pretends it only wants realistic change (the email)

Want a poster?

This is the message from that inspired this (linked) post.

From: "Nita Chaudhary, Political Action" <>
Date: November 10, 2008 14:03:36 pm EST

Want a poster?

Victory Poster
Can you chip in $20 or more to support our big new campaign to support Obama's progressive agenda? If so, we'll send you we'll send you a full-sized poster of this amazing "Victory" design. Click below: Poster

Click here to get a poster

Dear MoveOn member,

As President-elect Obama (isn't that still so fun to say?) reminded us in his speech on election night, this victory itself is not the change we seek—it's a chance to make that change. To win things like clean energy, health care for all Americans, and an end to the war in Iraq, we need to keep fighting alongside Barack Obama.That's why we're launching a massive new campaign to help pass Obama's progressive agenda.

And to raise the money for that campaign, we've decided to offer an amazing Shepard Fairey "Victory" poster to everyone who donates $20 or more.Can you help launch our campaign to back up Obama—and get this beautiful poster to celebrate our win? Click below:

We know that change won't be easy. The oil companies won't give up their stranglehold on our economy without a fight. Already, pundits are starting to say that our economic crisis makes real reform impossible—when really, it's more necessary than ever.

Think of all the people who came together to make this amazing victory possible. If we can keep organizing—if we can keep getting stronger—we can win the changes we dream about.But that'll take resources. So please chip in at least $20 to our grassroots campaign. And you'll get to own this little piece of history as well—a beautiful way to remember our victory, and a small token of our thanks. Click here:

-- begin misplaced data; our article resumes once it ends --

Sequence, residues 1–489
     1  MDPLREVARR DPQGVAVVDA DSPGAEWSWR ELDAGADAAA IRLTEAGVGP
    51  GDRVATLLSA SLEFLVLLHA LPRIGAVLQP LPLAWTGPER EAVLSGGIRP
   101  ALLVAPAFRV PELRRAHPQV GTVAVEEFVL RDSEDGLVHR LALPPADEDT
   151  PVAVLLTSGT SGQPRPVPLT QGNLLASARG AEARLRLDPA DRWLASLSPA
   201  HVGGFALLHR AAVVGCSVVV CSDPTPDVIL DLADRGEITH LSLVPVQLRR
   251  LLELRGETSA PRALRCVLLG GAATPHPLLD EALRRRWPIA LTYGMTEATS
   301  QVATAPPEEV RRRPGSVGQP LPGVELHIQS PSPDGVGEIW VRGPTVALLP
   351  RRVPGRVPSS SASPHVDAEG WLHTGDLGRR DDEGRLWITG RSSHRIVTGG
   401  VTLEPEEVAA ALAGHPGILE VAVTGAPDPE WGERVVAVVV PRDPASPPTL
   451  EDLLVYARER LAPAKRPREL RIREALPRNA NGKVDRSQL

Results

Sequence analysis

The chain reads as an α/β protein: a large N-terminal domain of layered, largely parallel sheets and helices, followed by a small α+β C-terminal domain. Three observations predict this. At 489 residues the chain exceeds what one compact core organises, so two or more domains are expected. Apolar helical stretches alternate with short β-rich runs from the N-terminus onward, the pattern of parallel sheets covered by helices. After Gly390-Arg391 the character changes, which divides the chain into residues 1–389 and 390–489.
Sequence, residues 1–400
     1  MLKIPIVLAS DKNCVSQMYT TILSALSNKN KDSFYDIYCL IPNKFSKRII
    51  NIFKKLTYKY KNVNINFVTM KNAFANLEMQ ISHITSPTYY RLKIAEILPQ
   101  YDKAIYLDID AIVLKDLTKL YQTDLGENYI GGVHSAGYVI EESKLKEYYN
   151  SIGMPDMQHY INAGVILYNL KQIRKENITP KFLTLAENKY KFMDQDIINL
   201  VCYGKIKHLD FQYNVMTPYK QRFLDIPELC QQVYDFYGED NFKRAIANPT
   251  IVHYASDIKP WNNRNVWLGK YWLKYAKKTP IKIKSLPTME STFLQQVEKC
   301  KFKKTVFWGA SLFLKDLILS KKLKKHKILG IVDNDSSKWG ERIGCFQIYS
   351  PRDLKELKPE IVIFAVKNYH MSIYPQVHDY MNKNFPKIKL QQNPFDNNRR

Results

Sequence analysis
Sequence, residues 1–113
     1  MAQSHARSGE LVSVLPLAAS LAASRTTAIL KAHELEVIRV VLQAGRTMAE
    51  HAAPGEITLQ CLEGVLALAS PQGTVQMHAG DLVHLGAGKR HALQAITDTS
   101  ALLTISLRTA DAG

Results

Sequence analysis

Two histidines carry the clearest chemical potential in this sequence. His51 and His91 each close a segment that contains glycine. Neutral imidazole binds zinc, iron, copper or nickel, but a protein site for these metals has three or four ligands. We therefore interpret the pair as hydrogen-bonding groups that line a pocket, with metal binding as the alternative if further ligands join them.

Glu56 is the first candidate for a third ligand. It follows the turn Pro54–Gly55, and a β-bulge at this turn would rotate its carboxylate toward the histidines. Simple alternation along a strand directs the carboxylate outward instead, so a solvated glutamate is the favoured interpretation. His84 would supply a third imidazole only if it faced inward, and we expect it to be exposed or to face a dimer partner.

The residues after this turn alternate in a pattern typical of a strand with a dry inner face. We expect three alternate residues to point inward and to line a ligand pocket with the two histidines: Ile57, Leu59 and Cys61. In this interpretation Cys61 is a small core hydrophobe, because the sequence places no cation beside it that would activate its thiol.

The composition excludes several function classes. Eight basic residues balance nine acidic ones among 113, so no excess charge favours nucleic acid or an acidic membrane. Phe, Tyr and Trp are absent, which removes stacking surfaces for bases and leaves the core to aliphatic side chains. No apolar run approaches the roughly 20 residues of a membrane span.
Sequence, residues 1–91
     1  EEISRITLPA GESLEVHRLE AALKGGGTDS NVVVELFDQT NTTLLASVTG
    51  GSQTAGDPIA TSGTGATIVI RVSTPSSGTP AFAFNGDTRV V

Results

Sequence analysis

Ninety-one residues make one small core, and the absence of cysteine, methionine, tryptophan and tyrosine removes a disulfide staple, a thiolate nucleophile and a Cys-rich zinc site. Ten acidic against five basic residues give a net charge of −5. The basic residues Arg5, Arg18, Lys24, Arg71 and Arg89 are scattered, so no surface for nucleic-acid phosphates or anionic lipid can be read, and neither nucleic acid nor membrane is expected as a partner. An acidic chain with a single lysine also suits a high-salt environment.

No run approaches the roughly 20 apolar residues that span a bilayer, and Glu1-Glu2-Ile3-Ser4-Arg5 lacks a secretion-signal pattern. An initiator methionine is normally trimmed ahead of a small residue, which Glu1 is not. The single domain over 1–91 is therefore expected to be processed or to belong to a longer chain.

Thanks for all you do.–Nita, Daniel, Laura, Justin and the rest of the team

Want to support our work?We're entirely funded by our 4.2 million members—no corporate contributions, no big checks from CEOs. And our tiny staff ensures that small contributions go a long way. Chip in here [de-linked].
PAID FOR BY MOVEON.ORG POLITICAL ACTION, Not authorized by any candidate or candidate's committee. This email was sent to xx xxxxx on November 10, 2008. To change your email address or update your contact info,click here. To remove yourself from this list, click here. pretends it only wants realistic change - Fwd: Want a poster? claims these are the central concerns for the Obama White House: clean energy, health care for all Americans, and an end to the war in Iraq.

Here's my question: if it is only the changes they list here that Obama intends, then what is the big deal? What divided us for the whole campaign? Are we all just a bunch of idiots??!

The items listed by are "do you still beat your wife" kinds of issues. They are Miss America questions. They are soft-shoe and easy listening for the dull-witted masses. What else would they be, though? This is from the "General Betray Us" folks suddenly turned earthy and populist. It is these populist misleadings by groups who are so virulently campaigning for left-wing agendas that makes them so despicable. What is the real agenda? It is not (1)health care for all, (2) end of the Iraq War, or (3) clean energy. These are populist, not progressive (so-called) or liberal ideas. But, that said, I am glad even is getting behind them.

1. Health care for all has been a thing that the Democrats have owned since Prez Clinton and Lady Hillary tried to make it so. Good for them, but I hope the approach is different this time around. I hope it is less Sweden and Canada (40% taxes might be fine if I can live through a heart attack and receive a colonoscopy every year without going into debt, but what if I can't afford food because retail prices rise 40% or more, too??!), more SMART regulation and streamlining of the bull involved with insurance and health care.